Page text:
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[CB20] Operation I am Tom: How APT actors move laterally in corporate networks by Aragorn Tseng and Charles Li

TeamT5 has helped many cyber-attack victims defending against APT actors for years. We see enormous cases showing that the actors still maintained their access to the victim network after some malware cleaning by unexperienced network managers or immature security teams. The main reason would be lacking knowledge regarding threat actors’ techniques in lateral movement operations. For example, Microsoft Windows Active Directory plays a key role and dominates most corporate network environments for centralized management and authentication. However, there are many scenarios of improper security settings would cause Active Directory attacks to become a convenient way for threat actors to move around.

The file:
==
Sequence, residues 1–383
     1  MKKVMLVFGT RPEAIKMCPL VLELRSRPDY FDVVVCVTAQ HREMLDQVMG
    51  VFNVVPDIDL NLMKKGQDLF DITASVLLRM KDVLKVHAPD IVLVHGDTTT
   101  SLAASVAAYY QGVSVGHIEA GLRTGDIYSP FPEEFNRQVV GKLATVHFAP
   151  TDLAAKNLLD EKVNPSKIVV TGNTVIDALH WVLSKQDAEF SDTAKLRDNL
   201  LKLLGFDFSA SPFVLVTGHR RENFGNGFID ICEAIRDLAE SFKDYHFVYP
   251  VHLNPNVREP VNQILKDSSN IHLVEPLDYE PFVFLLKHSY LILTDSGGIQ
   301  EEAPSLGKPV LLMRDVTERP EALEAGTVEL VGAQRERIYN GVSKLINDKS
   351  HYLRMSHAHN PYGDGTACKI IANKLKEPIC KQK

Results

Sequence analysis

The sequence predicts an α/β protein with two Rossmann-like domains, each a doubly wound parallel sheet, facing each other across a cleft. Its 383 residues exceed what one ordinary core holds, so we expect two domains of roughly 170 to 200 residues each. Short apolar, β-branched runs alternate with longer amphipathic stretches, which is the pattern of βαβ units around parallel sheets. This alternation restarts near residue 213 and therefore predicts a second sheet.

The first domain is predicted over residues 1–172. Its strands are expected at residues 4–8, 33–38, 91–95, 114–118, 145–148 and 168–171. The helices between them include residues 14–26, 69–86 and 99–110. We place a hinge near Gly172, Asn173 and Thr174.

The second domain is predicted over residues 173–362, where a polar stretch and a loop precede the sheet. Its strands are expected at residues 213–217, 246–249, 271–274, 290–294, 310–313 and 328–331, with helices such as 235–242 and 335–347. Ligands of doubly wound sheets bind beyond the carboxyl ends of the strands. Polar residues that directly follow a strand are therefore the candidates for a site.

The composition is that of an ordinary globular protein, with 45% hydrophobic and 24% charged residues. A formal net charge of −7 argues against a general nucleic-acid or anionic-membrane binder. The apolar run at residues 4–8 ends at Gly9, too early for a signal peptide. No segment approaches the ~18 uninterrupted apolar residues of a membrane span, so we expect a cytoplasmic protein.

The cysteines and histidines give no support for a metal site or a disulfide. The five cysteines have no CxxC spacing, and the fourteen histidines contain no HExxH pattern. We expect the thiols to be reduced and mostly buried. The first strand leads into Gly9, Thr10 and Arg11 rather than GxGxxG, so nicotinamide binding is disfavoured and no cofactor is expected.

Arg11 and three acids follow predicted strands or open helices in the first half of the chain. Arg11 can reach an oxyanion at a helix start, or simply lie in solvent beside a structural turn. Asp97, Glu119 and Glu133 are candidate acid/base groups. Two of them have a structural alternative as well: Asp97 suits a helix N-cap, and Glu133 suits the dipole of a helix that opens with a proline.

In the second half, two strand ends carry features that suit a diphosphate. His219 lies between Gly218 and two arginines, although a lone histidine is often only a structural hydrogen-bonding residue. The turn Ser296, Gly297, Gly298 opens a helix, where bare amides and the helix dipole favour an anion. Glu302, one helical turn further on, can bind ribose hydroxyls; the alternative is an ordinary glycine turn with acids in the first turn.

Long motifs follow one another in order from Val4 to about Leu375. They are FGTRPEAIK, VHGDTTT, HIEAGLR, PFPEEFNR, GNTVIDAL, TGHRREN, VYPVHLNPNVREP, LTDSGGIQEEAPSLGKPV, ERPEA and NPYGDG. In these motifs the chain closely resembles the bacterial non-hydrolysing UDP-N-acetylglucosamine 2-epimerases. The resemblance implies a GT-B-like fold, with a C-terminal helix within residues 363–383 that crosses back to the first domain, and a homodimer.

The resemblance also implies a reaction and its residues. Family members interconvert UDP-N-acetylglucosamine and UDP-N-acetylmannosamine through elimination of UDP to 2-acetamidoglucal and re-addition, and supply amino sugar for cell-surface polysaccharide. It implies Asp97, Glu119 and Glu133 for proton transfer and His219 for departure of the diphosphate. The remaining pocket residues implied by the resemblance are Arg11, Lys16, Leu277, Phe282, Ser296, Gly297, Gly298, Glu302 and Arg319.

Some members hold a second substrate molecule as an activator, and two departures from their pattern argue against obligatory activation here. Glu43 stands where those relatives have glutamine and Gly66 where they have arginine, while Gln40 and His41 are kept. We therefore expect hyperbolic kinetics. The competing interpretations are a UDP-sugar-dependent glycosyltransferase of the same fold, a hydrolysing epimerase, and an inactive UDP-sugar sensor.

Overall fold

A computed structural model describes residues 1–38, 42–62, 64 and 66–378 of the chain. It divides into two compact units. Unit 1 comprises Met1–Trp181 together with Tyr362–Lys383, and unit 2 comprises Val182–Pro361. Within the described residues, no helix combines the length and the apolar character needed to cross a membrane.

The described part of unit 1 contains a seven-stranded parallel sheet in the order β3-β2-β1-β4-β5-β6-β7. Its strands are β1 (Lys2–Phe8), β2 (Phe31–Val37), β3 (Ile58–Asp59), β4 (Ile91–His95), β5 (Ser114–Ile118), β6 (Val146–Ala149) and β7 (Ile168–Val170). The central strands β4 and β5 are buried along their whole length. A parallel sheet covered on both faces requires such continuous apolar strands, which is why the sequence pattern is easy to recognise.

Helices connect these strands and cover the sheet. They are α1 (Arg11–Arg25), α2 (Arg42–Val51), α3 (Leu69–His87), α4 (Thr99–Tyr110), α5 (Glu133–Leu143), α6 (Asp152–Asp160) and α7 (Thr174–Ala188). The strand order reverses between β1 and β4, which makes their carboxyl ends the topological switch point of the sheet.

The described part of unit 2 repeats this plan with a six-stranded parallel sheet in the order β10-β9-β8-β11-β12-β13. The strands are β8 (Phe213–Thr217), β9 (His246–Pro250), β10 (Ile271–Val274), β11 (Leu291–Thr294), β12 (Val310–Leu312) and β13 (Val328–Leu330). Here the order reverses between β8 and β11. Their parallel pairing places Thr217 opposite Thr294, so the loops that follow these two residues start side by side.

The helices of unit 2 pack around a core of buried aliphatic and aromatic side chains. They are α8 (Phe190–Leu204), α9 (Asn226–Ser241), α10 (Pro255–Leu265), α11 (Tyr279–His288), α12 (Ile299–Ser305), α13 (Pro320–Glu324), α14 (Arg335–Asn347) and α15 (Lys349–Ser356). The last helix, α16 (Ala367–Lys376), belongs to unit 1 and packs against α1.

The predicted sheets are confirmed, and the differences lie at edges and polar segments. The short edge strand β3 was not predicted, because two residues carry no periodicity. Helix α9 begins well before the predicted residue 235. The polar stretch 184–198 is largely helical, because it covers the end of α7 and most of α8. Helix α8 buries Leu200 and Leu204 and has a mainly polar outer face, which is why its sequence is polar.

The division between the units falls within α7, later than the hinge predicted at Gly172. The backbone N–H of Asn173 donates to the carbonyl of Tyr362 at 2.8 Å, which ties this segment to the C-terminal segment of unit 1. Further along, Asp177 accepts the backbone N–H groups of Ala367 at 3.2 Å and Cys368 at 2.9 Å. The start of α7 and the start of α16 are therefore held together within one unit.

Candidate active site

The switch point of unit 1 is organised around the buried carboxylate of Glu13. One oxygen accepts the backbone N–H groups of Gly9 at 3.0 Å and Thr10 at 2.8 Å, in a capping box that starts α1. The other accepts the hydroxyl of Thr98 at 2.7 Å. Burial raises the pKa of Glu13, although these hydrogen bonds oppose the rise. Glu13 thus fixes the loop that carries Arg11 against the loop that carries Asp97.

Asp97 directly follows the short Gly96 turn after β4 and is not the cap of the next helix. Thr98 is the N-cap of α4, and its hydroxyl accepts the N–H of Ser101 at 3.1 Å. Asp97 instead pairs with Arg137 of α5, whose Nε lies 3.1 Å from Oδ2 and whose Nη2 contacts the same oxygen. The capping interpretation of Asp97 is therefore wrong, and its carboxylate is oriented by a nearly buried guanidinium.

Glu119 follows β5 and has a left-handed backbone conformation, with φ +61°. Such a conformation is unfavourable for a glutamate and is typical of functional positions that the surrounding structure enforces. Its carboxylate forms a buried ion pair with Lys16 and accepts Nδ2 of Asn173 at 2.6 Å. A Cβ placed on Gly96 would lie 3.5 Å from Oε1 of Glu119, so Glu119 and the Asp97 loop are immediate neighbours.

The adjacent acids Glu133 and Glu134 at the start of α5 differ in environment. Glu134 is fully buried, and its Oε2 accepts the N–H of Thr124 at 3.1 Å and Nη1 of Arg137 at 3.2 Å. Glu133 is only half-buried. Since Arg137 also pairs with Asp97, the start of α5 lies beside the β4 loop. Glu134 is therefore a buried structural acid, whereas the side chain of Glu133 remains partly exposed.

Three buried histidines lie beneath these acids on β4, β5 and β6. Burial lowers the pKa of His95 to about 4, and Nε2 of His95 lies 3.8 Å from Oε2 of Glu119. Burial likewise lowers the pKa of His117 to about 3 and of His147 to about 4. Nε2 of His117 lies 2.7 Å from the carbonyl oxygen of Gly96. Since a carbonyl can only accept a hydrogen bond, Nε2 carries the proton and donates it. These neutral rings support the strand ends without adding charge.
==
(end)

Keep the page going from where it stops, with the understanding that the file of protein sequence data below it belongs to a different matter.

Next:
In this talk, we are going to present lateral movement methods to penetrate corporate network environment and techniques to bypass security monitoring systems. All cases are based on our real experiences fighting with APT actors in recent years. We categorize them into 4 categories and list the items as below:

1.AD Farm's penetration technique: mimilib, MemSSP, skeleton key, ACL abuse
2.Web-shell technique: IIS module abuse, Web source code injection, Deserialization, Rootkit
3.Second Tier backdoor techniques: DLL-hijack, IAT insert, Port reuse
4.Miscellaneous technique: how actors moving laterally in your network without malware or hacking tools.